Placebo Response

Understanding primary endpoints and minimising experimental error.

What is placebo response?
The "placebo response" occurs when a person who is ill perceives an improvement, or actually experiences an improvement, in symptoms or overall health from the psychological effect of receiving treatment rather than from the treatment itself.
 
In clinical trials this happens when patients/healthy subjects in the “placebo” arm of the study show significant improvements in their condition/response to an experimental model. MAC conducts placebo response training with all front-end staff, to ensure they understand what it is and what the implications are for data. 

Implications

  • Larger placebo response is associated with lower likelihood of a statistically positive study (Katz, Finnerup, Dworkin: Neurology 2008).

  • Placebo response may mask genuine treatment effects.

    • Potentially effective treatments may be discontinued.

 

  • Scientific and financial implications.

    • Failed Studies.

 
 

Why does it occur?
 The placebo response may be due to a number of different factors:

 

  • A person's profound desire to get better.

    • “The power of positive thinking”.

 

  • Increased medical attention as result of being in an experimental study of a new treatment.

    • Patients being well looked after feel cared for and reassured which may lead to overall upturn in mood making them “feel” better (medical staff become a form of placebo).

    • Can lead to false positivity.

 

  • An unconscious wish by the person to please the physician by getting better.

 

  • Some scientists believe that certain psychological factors actually cause the body to produce hormones called endorphins, which act as the body's own pain killers, resulting in reduced levels of pain or discomfort.

 

 
How to minimise it

  • Appropriate Patient Selection.

    • Clearly have the disease of interest.

    • Likely to be responsive.

      • Newly diagnosed may be best.

  • Unresponsive to all other therapies may not be responsive.

  • Appropriate personality and affect.

    • Not overly optimistic/pessimistic.

    • Include some form of psychological screening.

  • Ability to accurately report change

    • Consider including some sort of screening of reporting ability.

  • Population homogeneous for the propensity to respond to a drug.

    • Randomized withdrawal studies in those who respond.

    • Prediction of response from baseline characteristics.

 

  • Patient Education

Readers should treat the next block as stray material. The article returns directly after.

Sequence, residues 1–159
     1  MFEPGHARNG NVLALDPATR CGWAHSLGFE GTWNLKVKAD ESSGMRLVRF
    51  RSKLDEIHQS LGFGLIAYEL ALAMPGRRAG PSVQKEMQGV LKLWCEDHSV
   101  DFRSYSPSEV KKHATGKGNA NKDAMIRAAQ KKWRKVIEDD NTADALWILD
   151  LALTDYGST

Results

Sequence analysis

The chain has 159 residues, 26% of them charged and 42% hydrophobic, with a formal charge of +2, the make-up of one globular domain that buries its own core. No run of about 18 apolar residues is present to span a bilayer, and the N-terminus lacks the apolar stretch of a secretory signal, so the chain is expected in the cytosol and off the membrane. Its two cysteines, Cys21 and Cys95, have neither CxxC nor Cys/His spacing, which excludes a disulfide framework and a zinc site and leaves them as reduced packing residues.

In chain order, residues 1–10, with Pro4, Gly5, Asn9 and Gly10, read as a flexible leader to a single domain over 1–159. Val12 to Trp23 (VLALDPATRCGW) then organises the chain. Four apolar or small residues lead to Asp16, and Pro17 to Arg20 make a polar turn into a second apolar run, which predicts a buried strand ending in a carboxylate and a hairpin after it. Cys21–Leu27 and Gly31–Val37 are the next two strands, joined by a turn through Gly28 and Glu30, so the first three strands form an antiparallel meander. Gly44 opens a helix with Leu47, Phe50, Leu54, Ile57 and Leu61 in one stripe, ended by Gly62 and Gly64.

• Managing Expectations.

    • Provide realistic expectation of outcome/benefit.

    • Understanding of likelihood of receiving placebo or that drug may not work.

    • Remove idea that patients will be letting the staff down if drug doesn’t work.  Often patients say they are getting better to be nice to study team as they think that is what they want to hear (placebo is Latin for “I will please”).

    • Stress importance of accurate reporting at all times.

  • Thorough Endpoint Training

    • Introduce the patient to any rating scales and provide thorough training in how to consistently complete them.

    • Even if it seems like a simple scale, patients who are unfamiliar with it may not understand how to complete them correctly.

    • Define what is meant by different levels of e.g. pain (mild, moderate, severe) and where they would lie on the scale. 

 

 

  • Removing Influences

    • Effect of upturn in mood to be distinguished from actual symptom – focus on actual disorder rather than general well-being.

    • Reasons for improved mood to be controlled (social interactions, empathy, understanding etc.).

    • Discourage discussions about potential treatments or current condition between patients.

 
 

  • Appropriate Staff-Patient Interactions.

    • Neutral behaviour towards patients.

      • Limit sympathy/empathy whilst maintaining professional standard of care.

      • Limit personal interactions, don’t become over-familiar/too friendly with patients.

      • Avoid staff behaviour becoming a form of placebo.

    • Controlled Environment.

      • Environment should be professional and comfortable without being too “over-caring”.

      • Need to maintain a controlled, structured environment in order to limit variability.

 

Optimal Study Design
 

  • Standardize information conveyed to subjects to regularize expectation.

 

  • Appropriate logistics (number of groups/group size) and timing (pharmacodynamics).

 

  • Appropriate measures (mix of objective and subjective endpoints) and baseline inclusion criteria.

 

  • Reduce overall group variability as much as possible.

 

  • Use only highly trained testers for subject ratings, try to stick to same tester per patient.

 

  • Limit principal rater access to patient information, AEs etc.  Limit contact to test sessions (blinded raters).

 
 
Placebo Response Training at MAC Clinical Research
 

  • All patient-facing staff receive instructor-led training in the implications of placebo response and how to minimise it in clinical studies.

 

  • Standard instructions/training for patients implemented for all placebo controlled studies.

 

  • Strict controls out in place in order to standardise study conditions and reduce variability.

 

  • Education of  staff concerning the potential influence of their actions/behaviour on subject response and overall study outcome.

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